Trac_Fu Progress, SVN Browser Support and a New Home

The Trac_Fu issue tracker is coming along nicely! The project has a new home over on and development is moving right along. I found over on Rick Osbornes site that he had blogged about building a Trac replacement in ColdFusion and mentioned using his CFDiff Subversion browser as component of that. The guys on the ColdFusion Weekly podcast had talked about it shortly after Ricks blog post so I decided to integrate it into Trac_Fu to help fill that void.

Rick did a good job with the svn browser. It didnt take much work at all to get it to work in my Fusebox5 framework for Trac_Fu. So far I only have it supporting one repository but that will change VERY shortly since Trac_Fu has support for multiple projects.

The great Ray Camden has granted permission to use his Canvas Wiki engine as the Wiki backend for Trac_Fu and I must say that this is coming along nicely! Since Canvas was originally written in Model-Glue, its taking a bit of refactoring to get it work with Fusebox5 but basically Im just passing in the contentVariables and allowing the Canvas CFC to render all the links and then displaying that back to the screen. So almost every page is being rendered using the wiki. Ray had enough fore thought to add in the ability to write your own rendering additions and this has really aided in the ability to add the TracLinks style wiki links so that you can reference ticket numbers and revisions in the svn browser quite easily.

As just a bit of a teaser, I thought I would post the first screenshot of Trac_Fu actually running Ricks svn browser showing the Trac_Fu repository over on

RIAForge and AntFarm has officially opened its doors as of yesterday and I must say Ray Camden has done a fine job! Its a very nice site. What is RIAForge you ask? Well, in a nutshell its a site for hosting opensource initiatives based on Adobe’s technologies such as ColdFusion, Flash, Flex and the likes. There’s even a Photoshop section!

RIAForge offers you an issue tracker, blog, forums, and subversion support right out of the box. Very nice. So nice in fact that I have set AntFarm up on RIAForge. You can find it at

I committed the first version of the source to subversion today. Its a working version but not all the features are implemented yet. Still alot of work to do by far.

No documentation yet either. This has been a rough week at work since I have put in about 70 hours so far and its only Thursday night!

I will try and get some of the documentation up with it and do some general cleanup on the code and create a zip of the 0.0.1 release this weekend.

ColdFusion, Ant and Subversion = AntFarm Build Manager

I have beeen working on a little ColdFusion application at work that will allow us to quickly create builds of our applications and move them to the dev/staging server for us to prepare for testing by our QA team. I have to admit I put off learning Ant for a long time but now I am SO glad that I did.
I got started playing with Ant based on a suggestion from Sean Corfield. I was asking Sean if there were any ways to checkout a copy of the latest code from Subversion and copy it to our dev server without having to do it manually and he quickly pointed me to Ant.So this little application Im calling AntFarm houses configurations of all of our projects and allows you to quickly create builds and deploy them. Its actually coming in quite handy since we have multiple developers all contributing to the same projects in subversion. Here are the features so far:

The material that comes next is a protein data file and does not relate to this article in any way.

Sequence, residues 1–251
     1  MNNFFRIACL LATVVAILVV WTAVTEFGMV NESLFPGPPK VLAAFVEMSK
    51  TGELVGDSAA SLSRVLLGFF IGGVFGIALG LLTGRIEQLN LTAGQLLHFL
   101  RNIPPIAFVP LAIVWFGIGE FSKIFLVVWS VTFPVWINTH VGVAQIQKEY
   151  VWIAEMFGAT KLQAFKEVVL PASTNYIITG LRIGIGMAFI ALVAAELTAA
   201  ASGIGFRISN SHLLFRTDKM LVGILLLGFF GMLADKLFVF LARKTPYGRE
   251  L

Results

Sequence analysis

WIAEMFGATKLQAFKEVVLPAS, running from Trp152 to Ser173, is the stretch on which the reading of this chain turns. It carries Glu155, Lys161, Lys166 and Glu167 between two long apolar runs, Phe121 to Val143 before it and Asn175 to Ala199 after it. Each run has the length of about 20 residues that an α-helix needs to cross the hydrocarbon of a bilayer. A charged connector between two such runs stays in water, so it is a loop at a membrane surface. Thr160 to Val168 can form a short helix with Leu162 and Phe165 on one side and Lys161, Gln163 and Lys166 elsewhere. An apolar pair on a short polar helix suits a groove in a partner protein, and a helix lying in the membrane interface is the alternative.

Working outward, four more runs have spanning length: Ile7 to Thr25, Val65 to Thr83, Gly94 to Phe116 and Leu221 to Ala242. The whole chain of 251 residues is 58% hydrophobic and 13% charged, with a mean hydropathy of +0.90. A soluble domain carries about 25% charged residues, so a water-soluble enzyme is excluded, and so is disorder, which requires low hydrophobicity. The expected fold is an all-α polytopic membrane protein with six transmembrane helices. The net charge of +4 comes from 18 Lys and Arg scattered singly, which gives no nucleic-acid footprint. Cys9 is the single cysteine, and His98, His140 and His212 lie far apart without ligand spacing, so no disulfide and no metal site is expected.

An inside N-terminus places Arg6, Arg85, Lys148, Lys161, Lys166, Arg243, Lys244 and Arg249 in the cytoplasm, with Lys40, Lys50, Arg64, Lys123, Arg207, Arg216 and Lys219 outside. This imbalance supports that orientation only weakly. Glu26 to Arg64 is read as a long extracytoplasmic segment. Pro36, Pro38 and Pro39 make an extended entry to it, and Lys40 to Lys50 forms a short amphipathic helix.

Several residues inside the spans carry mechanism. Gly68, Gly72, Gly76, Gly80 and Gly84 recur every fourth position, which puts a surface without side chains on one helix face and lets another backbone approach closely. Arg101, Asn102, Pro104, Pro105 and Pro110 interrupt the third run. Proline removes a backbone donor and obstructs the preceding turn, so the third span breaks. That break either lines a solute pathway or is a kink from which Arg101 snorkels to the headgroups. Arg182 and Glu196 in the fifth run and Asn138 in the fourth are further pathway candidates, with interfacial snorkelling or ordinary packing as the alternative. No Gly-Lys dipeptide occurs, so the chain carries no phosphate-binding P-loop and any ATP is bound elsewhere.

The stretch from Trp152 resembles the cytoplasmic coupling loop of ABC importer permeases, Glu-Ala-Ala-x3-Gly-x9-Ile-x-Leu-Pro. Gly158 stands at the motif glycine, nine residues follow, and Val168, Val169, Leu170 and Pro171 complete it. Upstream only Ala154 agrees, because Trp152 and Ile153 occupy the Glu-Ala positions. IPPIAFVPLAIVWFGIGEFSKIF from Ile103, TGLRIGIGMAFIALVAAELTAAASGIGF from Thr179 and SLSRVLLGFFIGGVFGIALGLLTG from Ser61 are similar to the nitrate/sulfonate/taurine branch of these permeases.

• Holds configs for multiple projects
  • Checks code out from your subversion repository based on the project
  • Cleans up the code removing and unwanted files like .project files that somehow always find their way into subversion
  • Dynamically creates the version for the project and appends the subversion revision number to the build
  • Creates a tag in your subversion repository named with the appropriate version
  • Deploys the code to your deployment path (currently only works on local and mapped directories)
  • The project list shows you the latest build version and allows you to open the ant log for that build.
  • Allows use of your own custom build files or use the prepackaged one

Thats about all I can think of for now. Im really wanting to release this as opensource for everyone to modify as they see fit but I have to make sure that my boss doesnt mind since some of it was written on company time. Im sure he will be ok with it.
Its written on CF7 using Fusebox 5 so you will need to install the Fusebox framework as well as the latest version of ant in order to run it.
Heres a little snippet from the build.xml file that I will include with AntFarm. This gets the revision of the checked out code and then writes that to a file. Then I use the REPLACE task to replace that revision number with the full buildversion property. Its really quite nat!

And thats really all there is to that. I will post somemore tomorrow once I make sure its ok to release it.

Sniffing the Model-Glue….

I’ve been coding ColdFusion applications for about 8 years now and I consider myself to be a pretty good developer. I have used Fusebox for every app I have built going all the way back to 1999. I follow pretty sound coding practices and read all the blogs and try to keep up with whats going on in the CF Community. But for some reason, I am just not getting a handle on this Model-Glue thing!
I have spent almost all day today setting up Model-Glue:Unity and trying to get a simple app up and running using a few CFC’s and some views. I read the Model-Glue Quickstart in the documentation and managed to get the basic application template up and running but thats about the extent of it. I feel like someone has Model-Glued my head to the table and then flipped it upside down on me.
I know there is something that I am just missing or not grasping that is preventing me from moving forward with it but I cannot put my finger on it. No matter how many times I go through the code, or read a tutorial or refer to the documentation.